Respiratory Diseases is the term used for diseases of the respiratory system. These include amongst others diseases of the lung, pleural cavity, bronchial tubes, trachea and the upper respiratory tract. They can range from mild, such as the common cold, to life-threatening such as bacterial pneumonia or pulmonary embolism. Some of the most common are asthma, Chronic Obstructive Pulmonary Disease (COPD) and respiratory allergies.
According to the World Health Organization (WHO), hundreds of millions of people suffer worldwide from a chronic respiratory disease. 235 million people have asthma and 64 million people have COPD while millions of others suffer from other often-undiagnosed chronic respiratory diseases.
Treatment depends on the particular disease being treated, the severity and the patient. It often involves medication given in an inhaled form through use of a nebulizer.
Nebulizers are devices that can convert liquid medicine into aerosol droplets that can be easily inhaled through a mouthpiece or mask.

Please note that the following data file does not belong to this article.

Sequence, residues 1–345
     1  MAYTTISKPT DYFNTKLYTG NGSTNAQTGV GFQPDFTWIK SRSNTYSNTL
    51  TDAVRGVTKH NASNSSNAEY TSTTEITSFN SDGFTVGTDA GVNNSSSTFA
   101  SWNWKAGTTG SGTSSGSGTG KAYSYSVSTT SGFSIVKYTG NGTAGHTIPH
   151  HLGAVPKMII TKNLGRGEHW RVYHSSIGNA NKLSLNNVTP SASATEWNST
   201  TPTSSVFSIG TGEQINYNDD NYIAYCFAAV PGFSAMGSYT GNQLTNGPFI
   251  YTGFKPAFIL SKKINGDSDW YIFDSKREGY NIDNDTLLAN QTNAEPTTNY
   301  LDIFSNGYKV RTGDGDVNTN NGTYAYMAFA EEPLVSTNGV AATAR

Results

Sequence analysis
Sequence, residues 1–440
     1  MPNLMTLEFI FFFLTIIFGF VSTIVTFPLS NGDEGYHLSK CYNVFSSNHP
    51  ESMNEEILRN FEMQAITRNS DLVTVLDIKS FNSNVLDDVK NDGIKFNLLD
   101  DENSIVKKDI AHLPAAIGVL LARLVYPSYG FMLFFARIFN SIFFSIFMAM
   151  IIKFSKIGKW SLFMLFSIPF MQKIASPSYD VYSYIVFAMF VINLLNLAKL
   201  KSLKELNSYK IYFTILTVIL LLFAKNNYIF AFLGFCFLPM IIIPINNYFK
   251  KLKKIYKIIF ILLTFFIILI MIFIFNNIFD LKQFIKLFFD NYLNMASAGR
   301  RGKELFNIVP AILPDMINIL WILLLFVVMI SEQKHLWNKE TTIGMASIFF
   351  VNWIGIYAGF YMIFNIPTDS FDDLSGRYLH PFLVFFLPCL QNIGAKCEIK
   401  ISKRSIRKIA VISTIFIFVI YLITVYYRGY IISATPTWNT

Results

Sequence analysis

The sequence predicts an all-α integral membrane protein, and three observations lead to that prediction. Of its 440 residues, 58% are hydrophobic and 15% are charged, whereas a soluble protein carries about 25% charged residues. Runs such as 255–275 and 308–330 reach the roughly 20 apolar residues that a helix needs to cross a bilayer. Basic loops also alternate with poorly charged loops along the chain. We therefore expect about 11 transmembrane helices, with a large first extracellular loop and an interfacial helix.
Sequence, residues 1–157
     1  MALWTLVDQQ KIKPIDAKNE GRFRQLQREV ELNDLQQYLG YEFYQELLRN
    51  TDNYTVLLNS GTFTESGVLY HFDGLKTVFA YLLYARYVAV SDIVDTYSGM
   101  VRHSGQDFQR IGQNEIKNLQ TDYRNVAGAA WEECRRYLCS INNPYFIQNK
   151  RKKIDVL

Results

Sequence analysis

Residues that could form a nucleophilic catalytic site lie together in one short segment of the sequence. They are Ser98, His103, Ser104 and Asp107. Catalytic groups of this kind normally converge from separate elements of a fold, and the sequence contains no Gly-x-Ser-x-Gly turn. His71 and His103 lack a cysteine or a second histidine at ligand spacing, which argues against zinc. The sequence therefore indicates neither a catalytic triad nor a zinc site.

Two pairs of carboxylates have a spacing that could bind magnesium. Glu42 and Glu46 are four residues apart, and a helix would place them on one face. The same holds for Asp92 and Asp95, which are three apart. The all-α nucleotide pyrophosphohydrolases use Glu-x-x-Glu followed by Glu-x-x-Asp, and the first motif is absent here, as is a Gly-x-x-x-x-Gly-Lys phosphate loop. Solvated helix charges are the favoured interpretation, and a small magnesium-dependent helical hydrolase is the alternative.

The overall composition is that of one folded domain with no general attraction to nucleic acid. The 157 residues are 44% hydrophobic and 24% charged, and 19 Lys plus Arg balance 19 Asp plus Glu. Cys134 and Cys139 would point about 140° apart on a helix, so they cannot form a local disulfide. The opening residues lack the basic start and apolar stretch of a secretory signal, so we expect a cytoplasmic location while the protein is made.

A nebulizer can be used to treat a wide range of common respiratory conditions such as:
One of the key benefits of inhalation is the fact that the medication is delivered directly into the respiratory tract, allowing for a high drug concentration in the target area.
Nebulizing medication can even have a greater clinical effect compared to similar or larger doses delivered orally (tablets) or by subcutaneous injection. Studies have also shown that this can lead to better treatment results than using inhalers alone.
There are many different types of nebulizers available on the market to meet different needs. Some key points to consider:
1) What disease will you use the device for?
The key factor that determines where the aerosol droplets will deposit when inhaling and hence what part of the respiratory tract will be treated, is the droplet size. Larger particles will deposit on the upper airways while smaller particles will deposit in the lower airways. It is therefore important to select the nebulizer that delivers the particle size that is adapted to the type of disease to be treated.
2) Who will be using the device?
3) Where will the device be used?
If you require frequent treatment, you might consider having a robust device with high nebulization rate for intensive use.
If you require treatment at different points in the day, it may be beneficial to have a light and portable model.
If you are always on-the-go, then a fully portable nebulizer, such as a mesh-type model, can be the best choice. Similar in size to an inhaler, these models are powered by batteries but give high power and optimum flexibility.